I’ve entered the last remaining hundred acres of sabal palm forest ecosystem in the nation. Soon we will be cut off from it by Homeland’s Wall.
I walk a wooden boardwalk and marvel at the trees’ stature, the volume of their massive fronds clashing in the winds I’m sheltered from.
The river here, approaching freedom and the Gulf at Boca Chica, used to be a mile wide and up to 40-feet deep, a local conservationist tells me.
I can’t use any proper names here. You see, the clampdown is on. Both employees at the Audubon Sanctuary said they could not speak about the wall, could not tell me anything, in fact. Instead, one hands me a printout from the non-prof’s website. I can use this, I’m told.
Father Roy showed up at the end of this week’s No Wall walk to splash us with some sanctified Rio Grande water outside the historic La Lomita Chapel. A fine and welcome gesture — even if all the local convenience stores were out of Lone Star and we were reduced to mere Miller quaffers.
Today wraps up a week of marching for Valley residents and the Border Ambassadors joining organizer Jay Johnson-Castro for portions of the week-long 63-mile March 4 March 4 contra El Muro. The effort was an (successful) attempt to push the militarization of the U.S.-Mexico border into the political debates.
When I set out a little over two weeks ago my dreams were of being lost in the suburbs, but my first night staying at a ranch north of La Jola changed all that. I walk to the window and look over a Yucatan-like scene. The sky is full of birds of every imaginable color and size, fantastical creatures. Feathers and sunshine swirl everywhere. Many more dreams like this and I may not leave.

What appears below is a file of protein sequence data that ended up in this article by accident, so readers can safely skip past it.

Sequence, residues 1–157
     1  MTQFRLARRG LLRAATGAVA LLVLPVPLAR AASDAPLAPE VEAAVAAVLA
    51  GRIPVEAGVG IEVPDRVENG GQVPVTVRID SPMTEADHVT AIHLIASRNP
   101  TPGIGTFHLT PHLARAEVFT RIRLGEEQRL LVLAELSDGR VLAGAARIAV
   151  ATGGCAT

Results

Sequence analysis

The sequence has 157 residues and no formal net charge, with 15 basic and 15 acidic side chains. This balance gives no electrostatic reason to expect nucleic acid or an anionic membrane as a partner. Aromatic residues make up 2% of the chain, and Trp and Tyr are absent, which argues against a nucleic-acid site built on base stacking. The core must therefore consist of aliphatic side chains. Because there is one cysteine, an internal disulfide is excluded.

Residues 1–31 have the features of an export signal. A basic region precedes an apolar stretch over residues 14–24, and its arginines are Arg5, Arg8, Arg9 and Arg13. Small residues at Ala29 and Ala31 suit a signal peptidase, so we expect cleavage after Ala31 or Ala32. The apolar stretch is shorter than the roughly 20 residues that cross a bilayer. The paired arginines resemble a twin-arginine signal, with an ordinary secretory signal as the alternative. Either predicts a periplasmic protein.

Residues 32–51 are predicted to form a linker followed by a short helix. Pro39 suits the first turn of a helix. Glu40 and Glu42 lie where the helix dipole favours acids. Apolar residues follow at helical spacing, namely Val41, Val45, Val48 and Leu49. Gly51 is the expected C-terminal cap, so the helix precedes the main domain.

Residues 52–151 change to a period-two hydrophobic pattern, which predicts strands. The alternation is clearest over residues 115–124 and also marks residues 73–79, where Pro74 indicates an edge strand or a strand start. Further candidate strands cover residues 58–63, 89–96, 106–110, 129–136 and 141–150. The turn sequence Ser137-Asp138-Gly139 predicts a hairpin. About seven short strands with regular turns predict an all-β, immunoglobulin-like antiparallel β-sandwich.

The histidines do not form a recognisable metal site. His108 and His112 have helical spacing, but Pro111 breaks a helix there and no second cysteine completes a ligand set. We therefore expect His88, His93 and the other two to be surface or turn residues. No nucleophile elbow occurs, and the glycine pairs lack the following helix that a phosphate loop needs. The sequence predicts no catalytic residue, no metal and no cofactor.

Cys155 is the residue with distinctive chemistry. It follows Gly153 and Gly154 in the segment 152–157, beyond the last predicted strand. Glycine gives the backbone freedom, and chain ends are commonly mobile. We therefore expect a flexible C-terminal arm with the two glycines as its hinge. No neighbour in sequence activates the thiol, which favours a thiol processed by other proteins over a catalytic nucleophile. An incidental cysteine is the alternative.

The desk I have been given to work at is said to be my host’s great-grandfather’s. Another honor. Catarino Garza was a “journalist, revolutionary, and folk hero,” according to Handbook of Texas Online.
They wave me in. Put a beer in my hand. And feed me to the birds.
[River birding below Falcon Dam nets: Harris Hawk, Bald Eagle (2), Altamira Oriole, thrashers, Red-winged blackbirds, and the “usual birdseed suspects”: pidgeons and grackles. Oh, yeah, and a shotgun boat with a dozen river crossers dashing into the brush about 50 yards downstream. No, I did not chase them for a photo.]
I rolled into Laredo from the longest, darkest street I’ve hit yet. Coming down 83, you’re pulled a good 30 miles from the River. Crossing the Camino Columbia tollway (and almost as quickly, U.S. I-35), can be like spilling into a pinball field, falling into a land of giants.
The semis pull around all sides of you, as the billboards grow with the approach of Laredo/Nuevo Laredo — the only major border town that planted roots on the north side of the river and grew south. I’m here to screw up another video session and talk shop with a River badass, whose book, The Tecate Journals, was just published.